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Prehensility is the quality of an appendage or organ that has adapted for grasping or holding. The word is derived from the Latin term prehendere, meaning "to grasp". The ability to grasp is likely derived from a number of different origins. The most common are tree-climbing and the need to manipulate food.
Appendages that can become prehensile include:
- The hands of primates are all prehensile to varying degrees
- Prehensile feet:
- Prehensile tails – New World monkeys have prehensile tails, as do many extant lizards (geckos, chameleons, and a species of skink). Seahorses grip seaweed with their tails. Several fossil animals have been interpreted as having prehensile tails, including several Late Triassic drepanosaurs, and possibly the Late Permian synapsid Suminia.
- Tongue – of giraffes in particular
- Nose – elephants, tapirs
- Lips[clarification needed] – lake sturgeon, orangutans, horses and rhinos
- Cephalopod arm – arms such as those of octopuses
- Upper lip, such as that of the West Indian manatee
Prehensility affords animals a great natural advantage in manipulating their environment for feeding, climbing, digging, and defense. It enables many animals, such as primates, to use tools to complete tasks that would otherwise be impossible without highly specialized anatomy. For example, chimpanzees have the ability to use sticks to obtain termites and grubs in a manner similar to human fishing. However, not all prehensile organs are applied to tool use; the giraffe tongue, for instance, is instead used in feeding and self-cleaning.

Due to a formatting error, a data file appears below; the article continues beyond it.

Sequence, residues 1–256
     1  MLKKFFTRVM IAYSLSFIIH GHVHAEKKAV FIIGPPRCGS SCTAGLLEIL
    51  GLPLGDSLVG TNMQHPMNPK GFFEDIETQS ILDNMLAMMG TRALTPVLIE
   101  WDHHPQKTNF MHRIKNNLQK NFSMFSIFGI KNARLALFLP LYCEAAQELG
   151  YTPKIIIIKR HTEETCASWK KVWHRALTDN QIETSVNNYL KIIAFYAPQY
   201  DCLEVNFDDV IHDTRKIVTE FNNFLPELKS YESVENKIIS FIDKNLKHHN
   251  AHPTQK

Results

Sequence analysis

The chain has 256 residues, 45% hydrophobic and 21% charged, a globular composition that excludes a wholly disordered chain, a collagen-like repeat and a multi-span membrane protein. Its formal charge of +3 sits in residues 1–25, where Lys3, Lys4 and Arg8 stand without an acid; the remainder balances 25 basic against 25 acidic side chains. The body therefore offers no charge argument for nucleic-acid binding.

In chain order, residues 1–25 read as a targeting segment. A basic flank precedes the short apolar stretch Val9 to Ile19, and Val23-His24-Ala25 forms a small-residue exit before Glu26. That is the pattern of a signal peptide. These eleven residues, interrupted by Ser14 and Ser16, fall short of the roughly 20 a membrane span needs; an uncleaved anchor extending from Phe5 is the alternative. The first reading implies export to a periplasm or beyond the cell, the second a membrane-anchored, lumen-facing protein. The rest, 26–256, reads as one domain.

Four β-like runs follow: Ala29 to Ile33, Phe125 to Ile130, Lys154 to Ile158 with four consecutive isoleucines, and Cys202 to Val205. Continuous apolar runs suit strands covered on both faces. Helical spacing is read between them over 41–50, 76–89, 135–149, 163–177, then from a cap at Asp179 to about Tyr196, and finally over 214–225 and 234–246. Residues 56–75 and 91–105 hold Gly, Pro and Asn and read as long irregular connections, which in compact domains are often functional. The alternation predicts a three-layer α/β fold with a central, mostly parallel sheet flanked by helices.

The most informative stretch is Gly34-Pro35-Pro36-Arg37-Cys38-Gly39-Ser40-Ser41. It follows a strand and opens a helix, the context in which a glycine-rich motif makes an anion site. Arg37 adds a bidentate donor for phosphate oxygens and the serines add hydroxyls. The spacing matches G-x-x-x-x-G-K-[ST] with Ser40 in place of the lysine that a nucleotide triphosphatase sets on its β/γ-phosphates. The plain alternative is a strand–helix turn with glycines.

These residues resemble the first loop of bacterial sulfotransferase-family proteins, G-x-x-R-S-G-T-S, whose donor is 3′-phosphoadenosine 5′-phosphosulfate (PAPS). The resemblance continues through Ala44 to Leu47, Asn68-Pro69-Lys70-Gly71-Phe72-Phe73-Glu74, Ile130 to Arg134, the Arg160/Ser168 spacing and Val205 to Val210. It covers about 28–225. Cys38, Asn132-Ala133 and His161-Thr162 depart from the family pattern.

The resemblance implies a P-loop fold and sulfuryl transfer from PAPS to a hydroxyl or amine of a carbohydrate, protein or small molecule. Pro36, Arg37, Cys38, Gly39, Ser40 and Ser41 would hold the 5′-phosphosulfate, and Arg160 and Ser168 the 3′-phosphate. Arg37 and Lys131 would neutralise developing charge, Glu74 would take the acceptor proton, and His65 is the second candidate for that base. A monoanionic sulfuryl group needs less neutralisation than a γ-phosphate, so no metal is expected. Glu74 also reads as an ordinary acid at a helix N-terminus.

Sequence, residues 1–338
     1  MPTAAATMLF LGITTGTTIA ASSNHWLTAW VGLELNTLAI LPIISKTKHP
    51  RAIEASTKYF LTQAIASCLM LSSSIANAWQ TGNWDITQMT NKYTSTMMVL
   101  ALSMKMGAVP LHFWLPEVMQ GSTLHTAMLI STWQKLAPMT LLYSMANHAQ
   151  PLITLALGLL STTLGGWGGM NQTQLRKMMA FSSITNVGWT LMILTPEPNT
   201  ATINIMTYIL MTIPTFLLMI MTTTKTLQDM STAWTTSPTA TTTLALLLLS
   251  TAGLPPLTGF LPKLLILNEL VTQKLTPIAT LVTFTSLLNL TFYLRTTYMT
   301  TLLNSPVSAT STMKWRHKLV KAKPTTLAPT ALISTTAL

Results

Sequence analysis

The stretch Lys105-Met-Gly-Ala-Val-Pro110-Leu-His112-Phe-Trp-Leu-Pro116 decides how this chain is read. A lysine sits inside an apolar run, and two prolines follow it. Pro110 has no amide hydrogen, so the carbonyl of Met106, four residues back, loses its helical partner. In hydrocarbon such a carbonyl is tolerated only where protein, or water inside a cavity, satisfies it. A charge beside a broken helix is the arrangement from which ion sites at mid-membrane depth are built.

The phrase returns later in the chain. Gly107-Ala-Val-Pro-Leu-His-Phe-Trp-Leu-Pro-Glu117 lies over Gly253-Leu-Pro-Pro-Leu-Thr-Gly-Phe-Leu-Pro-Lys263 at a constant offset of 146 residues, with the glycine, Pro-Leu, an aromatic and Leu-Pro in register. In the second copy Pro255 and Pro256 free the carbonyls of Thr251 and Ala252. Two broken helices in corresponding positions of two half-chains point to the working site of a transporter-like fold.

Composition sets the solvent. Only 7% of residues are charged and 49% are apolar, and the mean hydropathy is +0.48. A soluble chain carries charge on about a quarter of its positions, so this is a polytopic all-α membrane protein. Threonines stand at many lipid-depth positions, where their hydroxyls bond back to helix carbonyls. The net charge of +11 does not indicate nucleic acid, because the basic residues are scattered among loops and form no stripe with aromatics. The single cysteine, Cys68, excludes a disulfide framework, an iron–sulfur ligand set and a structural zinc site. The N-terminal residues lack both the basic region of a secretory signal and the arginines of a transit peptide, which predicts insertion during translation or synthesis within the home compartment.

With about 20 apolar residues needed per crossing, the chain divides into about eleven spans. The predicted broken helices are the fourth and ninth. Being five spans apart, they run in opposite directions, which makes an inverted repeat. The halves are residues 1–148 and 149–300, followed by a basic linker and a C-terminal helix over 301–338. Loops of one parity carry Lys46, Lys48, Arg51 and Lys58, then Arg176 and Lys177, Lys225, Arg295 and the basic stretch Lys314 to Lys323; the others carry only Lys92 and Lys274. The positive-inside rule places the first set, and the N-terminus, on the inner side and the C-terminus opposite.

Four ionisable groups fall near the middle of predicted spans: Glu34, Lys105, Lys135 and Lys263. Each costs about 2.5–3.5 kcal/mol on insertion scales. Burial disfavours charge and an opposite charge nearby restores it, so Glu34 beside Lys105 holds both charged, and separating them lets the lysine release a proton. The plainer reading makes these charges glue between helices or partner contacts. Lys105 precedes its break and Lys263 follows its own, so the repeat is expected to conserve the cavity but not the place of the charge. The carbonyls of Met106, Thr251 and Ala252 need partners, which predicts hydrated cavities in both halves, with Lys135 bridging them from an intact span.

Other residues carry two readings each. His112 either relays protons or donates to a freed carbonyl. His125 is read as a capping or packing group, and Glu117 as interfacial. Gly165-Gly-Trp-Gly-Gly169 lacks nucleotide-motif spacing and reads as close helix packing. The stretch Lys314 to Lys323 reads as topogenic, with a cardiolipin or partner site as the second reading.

- Böhmer, Christine; Fabre, Anne-Claire; Taverne, Maxime; Herbin, Marc; Peigné, Stéphane; Herrel, Anthony (2019-04-27). "Functional relationship between myology and ecology in carnivores: do forelimb muscles reflect adaptations to prehension?". Biological Journal of the Linnean Society. 127 (3): 661–680. doi:10.1093/biolinnean/blz036. ISSN 0024-4066.
- Silvio Renesto, Justin A. Spielmann, Spencer G. Lucas, and Giorgio Tarditi Spagnoli. (2010). The taxonomy and paleobiology of the Late Triassic (Carnian-Norian: Adamanian-Apachean) drepanosaurs (Diapsida: Archosauromorpha: Drepanosauromorpha). New Mexico Museum of Natural History and Science Bulletin. 46:1–81
- Jörg Fröbisch and Robert R. Reisz. (2009). The Late Permian herbivore Suminia and the early evolution of arboreality in terrestrial vertebrate ecosystems. Proceedings of the Royal Society B. Online First doi:10.1098/rspb.2009.0911